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Greece – Day 6

Here we are at Day 6! Today, our journey takes us to Meteora and the magnificent monasteries perched high upon precarious clifftops. Today provides some of the most scenic and awe-inspiring views of the entire trip. Come along and see what we discover!

Before heading to Meteora, we stopped in a factory where we could see how icons were made. 90% of the Greek population is a member of the Greek Orthodox church. Part of the tradition of the Greek Orthodox church involves praying to icons. We visited a factory that makes these icons on wooden panels with traditional style paints and gold leaf. The images here show the “factory” and the various parts of the icon-creation process. I found it quite ironic that the factory was nestled between two car-repair places. Someone said divinity is in the details. Perhaps they meant divinity is in-between the detailing.
Next we drove to Meteora which is host to magnificent and unique rock structures. They poke out of the ground like giant porous swiss-cheese stalagmites. Before exploring the magnificent rock formations and the monasteries perched atop them, we stopped in at a local taverna for lunch. I once again took the opportunity to enjoy a lovely plate of Greek moussaka.
Here is a picture of our tour guide, Constantina. She met us immediately after lunch and dictated our bus ride up the mountains. She was very enthusiastic, but also quite partial to the Greek Orthodox religion which made me question some of the “facts” she conveyed to us about the monastery. She gave us a guided tour of the highest monastery in the area as well as a lower (and much less impressive) convent.


The bus drive up to the top of the rocky cliffs of Meteora was breathtaking. It is one of those things that you have to bear personal witness to in order to truly appreciate it. I’ll do my best to confer the majesty of it all, but in a hyphenated word, let me say it was jaw-dropping. Here is a panoramic view of the Holy Monastery of Great Meteoron, stitched together with multiple shots from my camera. It serves to illustrate the grandeur of the locale.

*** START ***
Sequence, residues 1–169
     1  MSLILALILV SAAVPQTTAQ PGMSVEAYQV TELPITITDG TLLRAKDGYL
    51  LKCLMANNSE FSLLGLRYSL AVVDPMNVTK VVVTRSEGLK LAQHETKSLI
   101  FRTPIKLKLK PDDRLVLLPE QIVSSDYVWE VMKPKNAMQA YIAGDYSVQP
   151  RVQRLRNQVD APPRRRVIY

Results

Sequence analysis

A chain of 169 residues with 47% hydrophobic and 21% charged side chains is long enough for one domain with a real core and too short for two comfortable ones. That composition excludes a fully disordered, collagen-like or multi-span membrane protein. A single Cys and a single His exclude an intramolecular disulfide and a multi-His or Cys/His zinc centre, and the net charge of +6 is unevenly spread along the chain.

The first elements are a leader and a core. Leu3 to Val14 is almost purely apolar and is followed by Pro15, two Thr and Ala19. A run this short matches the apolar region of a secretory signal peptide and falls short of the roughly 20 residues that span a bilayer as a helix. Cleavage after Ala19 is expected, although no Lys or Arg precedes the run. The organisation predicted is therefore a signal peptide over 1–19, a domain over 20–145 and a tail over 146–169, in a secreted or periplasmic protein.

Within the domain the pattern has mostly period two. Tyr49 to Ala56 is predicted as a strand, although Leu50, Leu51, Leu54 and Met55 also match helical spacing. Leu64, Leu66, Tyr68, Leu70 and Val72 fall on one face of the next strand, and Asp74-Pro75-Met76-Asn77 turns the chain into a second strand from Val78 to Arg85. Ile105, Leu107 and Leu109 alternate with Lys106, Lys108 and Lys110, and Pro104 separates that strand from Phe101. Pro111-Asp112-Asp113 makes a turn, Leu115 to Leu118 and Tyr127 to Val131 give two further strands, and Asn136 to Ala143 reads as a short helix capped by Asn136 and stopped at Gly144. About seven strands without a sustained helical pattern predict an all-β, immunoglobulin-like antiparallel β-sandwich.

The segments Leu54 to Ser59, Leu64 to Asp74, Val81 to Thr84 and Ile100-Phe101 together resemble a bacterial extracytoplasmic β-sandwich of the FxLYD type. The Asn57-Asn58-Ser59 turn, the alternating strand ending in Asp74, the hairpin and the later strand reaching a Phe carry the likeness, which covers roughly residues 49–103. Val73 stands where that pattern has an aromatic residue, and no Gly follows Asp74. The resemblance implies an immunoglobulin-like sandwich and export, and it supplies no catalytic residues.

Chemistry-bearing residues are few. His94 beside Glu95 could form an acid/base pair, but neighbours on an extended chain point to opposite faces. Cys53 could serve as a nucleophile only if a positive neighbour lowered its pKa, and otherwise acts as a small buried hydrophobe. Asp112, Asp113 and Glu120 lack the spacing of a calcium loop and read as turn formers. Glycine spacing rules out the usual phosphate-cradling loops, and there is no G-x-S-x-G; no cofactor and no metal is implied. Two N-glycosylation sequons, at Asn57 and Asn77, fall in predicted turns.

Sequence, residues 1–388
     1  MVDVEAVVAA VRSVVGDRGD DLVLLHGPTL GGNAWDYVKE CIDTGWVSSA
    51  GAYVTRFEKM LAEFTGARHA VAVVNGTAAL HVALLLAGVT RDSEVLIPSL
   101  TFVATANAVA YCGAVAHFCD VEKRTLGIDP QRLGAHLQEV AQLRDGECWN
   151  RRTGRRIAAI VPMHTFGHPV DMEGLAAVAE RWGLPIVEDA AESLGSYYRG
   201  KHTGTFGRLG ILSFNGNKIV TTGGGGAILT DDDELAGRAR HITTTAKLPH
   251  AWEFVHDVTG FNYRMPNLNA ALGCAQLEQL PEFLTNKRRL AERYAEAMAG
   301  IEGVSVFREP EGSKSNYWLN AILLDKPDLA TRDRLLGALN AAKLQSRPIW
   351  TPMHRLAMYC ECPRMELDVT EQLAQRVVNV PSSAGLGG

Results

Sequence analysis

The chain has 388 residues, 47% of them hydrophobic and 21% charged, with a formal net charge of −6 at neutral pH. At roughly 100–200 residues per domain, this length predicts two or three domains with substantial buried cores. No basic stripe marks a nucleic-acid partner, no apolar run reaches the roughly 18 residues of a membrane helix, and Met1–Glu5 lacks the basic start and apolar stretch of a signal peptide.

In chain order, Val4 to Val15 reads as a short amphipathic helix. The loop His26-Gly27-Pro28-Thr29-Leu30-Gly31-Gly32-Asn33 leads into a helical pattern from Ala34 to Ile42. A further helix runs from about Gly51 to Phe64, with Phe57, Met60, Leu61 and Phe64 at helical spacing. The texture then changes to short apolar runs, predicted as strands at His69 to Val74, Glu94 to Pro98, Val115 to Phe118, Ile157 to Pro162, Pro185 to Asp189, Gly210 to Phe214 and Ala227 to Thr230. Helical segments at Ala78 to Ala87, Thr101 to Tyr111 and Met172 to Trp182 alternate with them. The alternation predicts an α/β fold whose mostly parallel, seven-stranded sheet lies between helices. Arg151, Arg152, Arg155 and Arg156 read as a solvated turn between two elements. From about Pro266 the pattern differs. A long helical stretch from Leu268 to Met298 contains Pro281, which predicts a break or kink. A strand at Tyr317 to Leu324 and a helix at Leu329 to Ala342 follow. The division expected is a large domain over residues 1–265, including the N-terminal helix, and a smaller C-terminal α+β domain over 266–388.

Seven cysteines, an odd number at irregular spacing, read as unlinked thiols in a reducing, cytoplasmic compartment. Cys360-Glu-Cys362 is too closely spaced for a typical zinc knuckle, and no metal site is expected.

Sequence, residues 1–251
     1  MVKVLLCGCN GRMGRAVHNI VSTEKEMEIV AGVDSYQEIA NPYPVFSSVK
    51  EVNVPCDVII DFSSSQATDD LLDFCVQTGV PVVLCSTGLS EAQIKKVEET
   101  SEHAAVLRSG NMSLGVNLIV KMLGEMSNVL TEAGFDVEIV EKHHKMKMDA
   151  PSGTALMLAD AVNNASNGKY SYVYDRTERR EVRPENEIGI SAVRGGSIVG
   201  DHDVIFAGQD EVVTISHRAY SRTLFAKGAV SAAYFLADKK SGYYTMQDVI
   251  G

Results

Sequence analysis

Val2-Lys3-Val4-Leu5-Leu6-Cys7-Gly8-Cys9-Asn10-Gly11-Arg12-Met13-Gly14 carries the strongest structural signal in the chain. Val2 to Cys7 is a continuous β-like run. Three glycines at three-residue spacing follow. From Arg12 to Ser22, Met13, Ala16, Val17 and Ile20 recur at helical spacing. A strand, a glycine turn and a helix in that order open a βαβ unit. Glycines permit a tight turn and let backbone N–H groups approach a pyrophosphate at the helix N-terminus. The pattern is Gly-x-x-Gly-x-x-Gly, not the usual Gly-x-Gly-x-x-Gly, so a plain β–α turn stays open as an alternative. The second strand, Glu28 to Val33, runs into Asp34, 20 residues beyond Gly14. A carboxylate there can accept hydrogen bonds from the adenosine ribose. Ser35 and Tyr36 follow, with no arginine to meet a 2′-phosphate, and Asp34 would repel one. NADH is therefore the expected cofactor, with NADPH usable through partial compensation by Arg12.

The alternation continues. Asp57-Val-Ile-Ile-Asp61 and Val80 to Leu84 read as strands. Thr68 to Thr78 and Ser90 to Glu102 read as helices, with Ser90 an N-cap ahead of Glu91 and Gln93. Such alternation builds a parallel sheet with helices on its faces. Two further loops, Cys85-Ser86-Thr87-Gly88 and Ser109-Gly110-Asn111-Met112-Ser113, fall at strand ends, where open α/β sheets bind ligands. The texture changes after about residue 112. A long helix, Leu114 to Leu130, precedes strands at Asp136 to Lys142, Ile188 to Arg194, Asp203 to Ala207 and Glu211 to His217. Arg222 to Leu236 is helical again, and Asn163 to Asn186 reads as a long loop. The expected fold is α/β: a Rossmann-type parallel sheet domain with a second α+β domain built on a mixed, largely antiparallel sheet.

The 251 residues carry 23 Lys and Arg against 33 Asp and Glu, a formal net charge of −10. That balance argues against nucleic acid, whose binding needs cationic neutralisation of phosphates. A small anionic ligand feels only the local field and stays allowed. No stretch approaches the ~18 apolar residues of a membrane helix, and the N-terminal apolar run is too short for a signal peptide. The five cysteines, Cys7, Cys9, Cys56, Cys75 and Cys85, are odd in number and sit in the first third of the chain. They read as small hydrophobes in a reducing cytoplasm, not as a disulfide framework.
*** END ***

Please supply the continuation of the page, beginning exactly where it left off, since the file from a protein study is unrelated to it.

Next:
The first image is of the Meteora rock formations as seen from the Taverna where we had lunch. Upon arriving at the monastery, all women who were not wearing skirts were required to don “complimentary” skirts in order to meet the strict dress code. Since my mom NEVER wears a skirt, I reveled in an opportunity to snap a picture of her in one. The third picture is of me standing on one of the many balconies of the Great Meteoron Monastery overlooking a lower monastery perched upon a similarly perilous cliff top.

Sadly, pictures are forbidden inside the church of the monastery. It was quite fascinating as it was nearly perfectly preserved from its 16th century origins. The entire inside of the church is painted in bright colors depicting the life and death of Christ. Greek Orthodox churches are quite different in that they are generally standing-room only and the altar is hidden behind a curtain which only ordained Orthodox priests may pass through. Even nuns cannot see the altar. They must have a priest come to their convents in order to perform religious ceremonies.

Next we rode down the mountain a ways to a nearby convent. The locale and views were ALMOST as stunning as that of the previous monastery, but I couldn’t help but feel a slight pang of disappointment. Sure, the convent was perched upon one of the many steep and perilous cliffs, but it just wasn’t as impressive as the Great Meteoron. I spent most of the time here writing in my journal about how great the last stop was.
After visiting the breathtaking sites of Meteora, we rode back to the Hotel outside Meteora village. It was another nice Amalia hotel (same company as the Delphi hotel), but this one had a very New Mexico (IMHO) style decorated interior which was quite strange to see in Greece. For dinner we rode into town and ate at a local Taverna. I was weary of the place from the moment we stepped in and wasn’t comforted any further by looking at the menu. The hosts were very scruffy looking and the menu was very sparse. I sallied forth and sampled the grilled chicken. I was underwhelmed. So far, this was the lowest culinary point on the trip. Hopefully, future Taverna stops will be more gastronomically satisfying.

That’s all for Day 6! I hope you enjoyed the magnificent views of Meteora. Tune in tomorrow when we drive to the island of Corfu off of the western coast of Greece. See you then!

One Response to “Greece – Day 6”

  1. on 13 Nov 2008 at 9:50 am Kristi Wellman

    The views look breathtaking! Tell your mom that she looks great in a skirt and should wear them more often!

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